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Wooden funerary art of Tangir and Darel

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Zulfiqar Ali Kalhoro on the ornate and unique graves that tell a story of timber, power and upheaval

 

by Zulfiqar Ali Kalhoro

 

here are many carved wooden grave railings in Tangir and Darel in Diamer district of Gilgit-Baltistan. Such monuments are also located in many areas of Indus-Kohistan, Dir-Kohistan and Swat-Kohistan in Khyber-Pakhtunkhwa where I am doing research for my forthcoming book Wooden Funerary Art in Dardistan.

These wooden grave railings exist in a number of villages in Tangir. Of these Mahechar, Khamikot, Faruri, Phaphat, Mushke are prominent. However, the wooden railings at Mushke and Khamikot villages are in good condition while those at Mahechar, Faruri and Phaphat have crumbled to pieces. The wooden planks and turrets (guldastas) are spread all over the site.

Like Jaglot (headquarters of Tangir), Khamikot was an important town during the rule of Pakhtun Wali Khan. Now, it is a small village boasting some monuments of historical significance, the most prominent of which are the wooden mosque, the tower of Dost Muhammad and several finely decorated wooden coffins.

There are nine graves located adjacent to Khamikot mosque. All the graves are marked by carved wooden railings, with their sides highly carved and topped over by four leg-like turrets at the four corners. But the legs are placed in a reverse fashion, upside down. Each face of the coffin box consists of two wooden planks, each of them showing different designs of scroll work separated by a wavy line.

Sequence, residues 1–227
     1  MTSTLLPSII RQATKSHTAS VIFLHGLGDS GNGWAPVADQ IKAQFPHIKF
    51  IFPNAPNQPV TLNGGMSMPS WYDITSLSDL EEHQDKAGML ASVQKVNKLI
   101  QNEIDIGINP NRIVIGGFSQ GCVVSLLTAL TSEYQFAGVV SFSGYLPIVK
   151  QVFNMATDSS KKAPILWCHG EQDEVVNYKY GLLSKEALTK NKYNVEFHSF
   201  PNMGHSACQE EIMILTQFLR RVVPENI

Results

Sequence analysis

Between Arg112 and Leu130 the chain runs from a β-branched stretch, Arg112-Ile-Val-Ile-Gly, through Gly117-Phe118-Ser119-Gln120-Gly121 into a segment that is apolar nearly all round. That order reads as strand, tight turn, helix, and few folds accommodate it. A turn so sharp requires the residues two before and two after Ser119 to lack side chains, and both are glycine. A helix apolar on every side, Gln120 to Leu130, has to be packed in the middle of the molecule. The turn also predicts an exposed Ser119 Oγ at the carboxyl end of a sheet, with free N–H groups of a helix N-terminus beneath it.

Grave railings at Khamikot, Tangir Valley.

All burial places in Khamikot are marked with carved wooden coffins bearing a variety of floral and geometric designs. All the wooden boxes consist of two carved panels, one on either side, topped by four leg-like turrets. The wooden railing is placed over a frame below and not directly fixed into the ground.

The principal wooden coffin belongs to Pakhtun Wali Khan. The wooden railing is ornately carved and decorated with floral designs. Pakhtun Wali Khan ruled over the valleys of Darel, Tangir, Harban, Sazin and Shatial. He belonged to the Khushwaqte, the ruling family of Yasin, a branch of the Chitral dynasty. The British called the Indus valley below Chilas and its tributary valleys like Darel, Tangir, Kandia and many smaller communities Yaghestan: “Land of the Free” or “Land of the Wild”. Pakhtun Wali Khan ruled the roost here and exploited the rich resources of Tangir and Darel.

Barring Pakhtun Wali Khan, no one else could establish rule over the turbulent Tangir valley. Today, the carved wooden graves of all these dignitaries lie in a state of disrepair

During the British siege of Chitral in 1895, Pakhtun Wali Khan fled to Tangir. Through his bravery, soon he impressed the local population and established his rule in Tangir in 1905. Gradually, he extended his control to neighbouring valleys of Shatial, Sazin and Harban. For the twelve years (1905-1917) he ruled over the areas without encountering any local uprising until he was killed in 1917 by his servants at Khamikot.

Wooden grave railing at Lashnokot, Darel Valley.

The timber trade played an important role in Pakhtun Wali Khan’s power. The upper parts of both Darel and Tangir were covered with thick forests. Contractors belonging to the Kakakhel Pakhtun clan of Nowshera got timber cut in the high areas of the valleys and rafted it down the rivers. Pakhtun Wali Khan was eventually killed by his servants. Schomberg writes in his Between the Oxus and the Indus, that when the ruler was attending the building of a new house at Kammi (Khamikot), he told his servants to set aside their arms and help in this meritorious work. Wali had a bath, and then sat in a chair with his pistol lying beside him on the ground. He had a cloth over his shoulders, for his head was being shaved. There were many men passing near the Raja, carrying bricks and mortar. Suddenly, several men attacked him, hitting him on the head with an axe. He bent down for his pistol, but was struck four or five times and died without being able to defend himself’.